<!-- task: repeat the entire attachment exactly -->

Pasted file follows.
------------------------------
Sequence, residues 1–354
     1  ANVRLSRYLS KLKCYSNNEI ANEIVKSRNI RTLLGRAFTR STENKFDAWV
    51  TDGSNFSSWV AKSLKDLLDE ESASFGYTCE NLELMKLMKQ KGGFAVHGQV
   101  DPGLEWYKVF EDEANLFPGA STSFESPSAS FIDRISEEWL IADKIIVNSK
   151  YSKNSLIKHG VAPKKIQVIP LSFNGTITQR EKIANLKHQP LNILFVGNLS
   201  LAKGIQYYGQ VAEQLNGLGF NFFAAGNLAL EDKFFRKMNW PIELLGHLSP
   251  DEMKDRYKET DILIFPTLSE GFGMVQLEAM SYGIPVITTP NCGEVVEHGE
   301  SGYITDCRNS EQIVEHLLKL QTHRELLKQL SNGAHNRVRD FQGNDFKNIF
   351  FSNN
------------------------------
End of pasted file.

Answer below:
Sequence, residues 1–354
     1  ANVRLSRYLS KLKCYSNNEI ANEIVKSRNI RTLLGRAFTR STENKFDAWV
    51  TDGSNFSSWV AKSLKDLLDE ESASFGYTCE NLELMKLMKQ KGGFAVHGQV
   101  DPGLEWYKVF EDEANLFPGA STSFESPSAS FIDRISEEWL IADKIIVNSK
   151  YSKNSLIKHG VAPKKIQVIP LSFNGTITQR EKIANLKHQP LNILFVGNLS
   201  LAKGIQYYGQ VAEQLNGLGF NFFAAGNLAL EDKFFRKMNW PIELLGHLSP
   251  DEMKDRYKET DILIFPTLSE GFGMVQLEAM SYGIPVITTP NCGEVVEHGE
   301  SGYITDCRNS EQIVEHLLKL QTHRELLKQL SNGAHNRVRD FQGNDFKNIF
   351  FSNN